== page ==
Just as a messaging exercise involves knowing how rivals talk about themselves and the channels they used, strategic planning requires insight into the competitive landscape.
By really knowing your competitors and their strengths and weaknesses, you can establish a strong and differentiated position in the marketplace.
One of the most common tools is a SWOT analysis, which creates a summarized view of your strengths, weaknesses, opportunities, and threats.
A SWOT analysis is an easy and informative exercise to look at your business in a new and different way. It enables you to explore your strengths and weaknesses and identify threats and opportunities.
How to do it:
A SWOT analysis works when there are different perspectives and experiences. It ensures the process delivers real and honest insight and opinions, including those that may not be obvious or welcome.
Using the four-quadrant template, a SWOT analysis can be completed individually and then shared with the group, or a SWOT analysis can be done together. Whatever the approach, the process should feature a healthy amount of discussion.
To drive a SWOT analysis, here are some questions to ask:
What are we good at doing?
How are we better than the competition?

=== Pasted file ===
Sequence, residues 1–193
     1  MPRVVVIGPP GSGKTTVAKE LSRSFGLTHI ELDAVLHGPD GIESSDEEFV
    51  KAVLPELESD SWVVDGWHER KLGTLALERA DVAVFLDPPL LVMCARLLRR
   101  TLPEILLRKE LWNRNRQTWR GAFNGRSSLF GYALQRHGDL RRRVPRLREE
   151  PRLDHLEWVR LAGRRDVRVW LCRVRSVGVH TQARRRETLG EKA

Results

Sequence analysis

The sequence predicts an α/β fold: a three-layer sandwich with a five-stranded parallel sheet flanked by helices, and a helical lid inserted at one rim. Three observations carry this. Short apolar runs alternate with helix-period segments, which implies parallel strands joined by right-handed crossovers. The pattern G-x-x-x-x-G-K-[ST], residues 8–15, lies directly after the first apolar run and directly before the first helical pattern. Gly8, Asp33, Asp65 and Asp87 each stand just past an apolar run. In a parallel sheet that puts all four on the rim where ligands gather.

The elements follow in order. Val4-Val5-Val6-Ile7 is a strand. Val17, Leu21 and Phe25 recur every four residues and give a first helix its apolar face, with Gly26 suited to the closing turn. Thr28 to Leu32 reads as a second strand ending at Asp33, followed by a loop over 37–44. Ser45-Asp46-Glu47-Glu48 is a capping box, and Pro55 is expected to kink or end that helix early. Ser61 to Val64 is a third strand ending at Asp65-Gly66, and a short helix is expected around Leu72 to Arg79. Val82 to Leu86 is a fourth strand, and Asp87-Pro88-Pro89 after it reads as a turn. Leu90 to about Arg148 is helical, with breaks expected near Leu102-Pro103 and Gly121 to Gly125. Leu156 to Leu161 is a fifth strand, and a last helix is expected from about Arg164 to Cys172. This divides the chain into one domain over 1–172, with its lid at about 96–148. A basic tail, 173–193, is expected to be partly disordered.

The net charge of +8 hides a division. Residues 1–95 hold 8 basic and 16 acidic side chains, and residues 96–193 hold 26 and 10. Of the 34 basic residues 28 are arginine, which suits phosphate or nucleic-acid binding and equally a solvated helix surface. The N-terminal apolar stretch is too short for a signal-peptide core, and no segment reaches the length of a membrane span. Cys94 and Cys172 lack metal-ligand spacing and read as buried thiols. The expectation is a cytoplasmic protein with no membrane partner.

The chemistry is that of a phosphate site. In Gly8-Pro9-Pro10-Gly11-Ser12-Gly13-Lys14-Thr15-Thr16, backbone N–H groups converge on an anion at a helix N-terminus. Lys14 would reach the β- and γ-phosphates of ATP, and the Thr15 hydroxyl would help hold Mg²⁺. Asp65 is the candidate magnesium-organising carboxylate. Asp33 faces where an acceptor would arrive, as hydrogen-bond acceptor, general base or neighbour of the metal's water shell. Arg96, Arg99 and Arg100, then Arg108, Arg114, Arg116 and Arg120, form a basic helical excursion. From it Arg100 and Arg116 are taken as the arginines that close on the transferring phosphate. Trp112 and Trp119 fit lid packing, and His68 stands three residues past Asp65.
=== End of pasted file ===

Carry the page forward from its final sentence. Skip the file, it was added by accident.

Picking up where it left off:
How is the business differentiated or unique?
How does our business struggle?
How could we improve?
What resources do we lack?
What new features or products could we launch
What markets could we expand into?
How could we improve or enhance our brand reputation?
Where is our business vulnerable?
What development could impact sales/profit?
What are the rivals taking market share with better products?
Here’s an example of a fictional software company:
Executives with industry expertise
A lack of sales and marketing activity
Low brand profile awareness
Inconsistent and unclear branding
Market conditions creating product demand
No dominant player in the market
Customers happy to be advocates
Rivals starting to get serious about market
Speculation about clients being unhappy
A SWOT analysis is an insightful and valuable exercise for any company looking to know where it stands. As important, it provides insight into how strengths can be capitalized upon and how weaknesses can be addressed.
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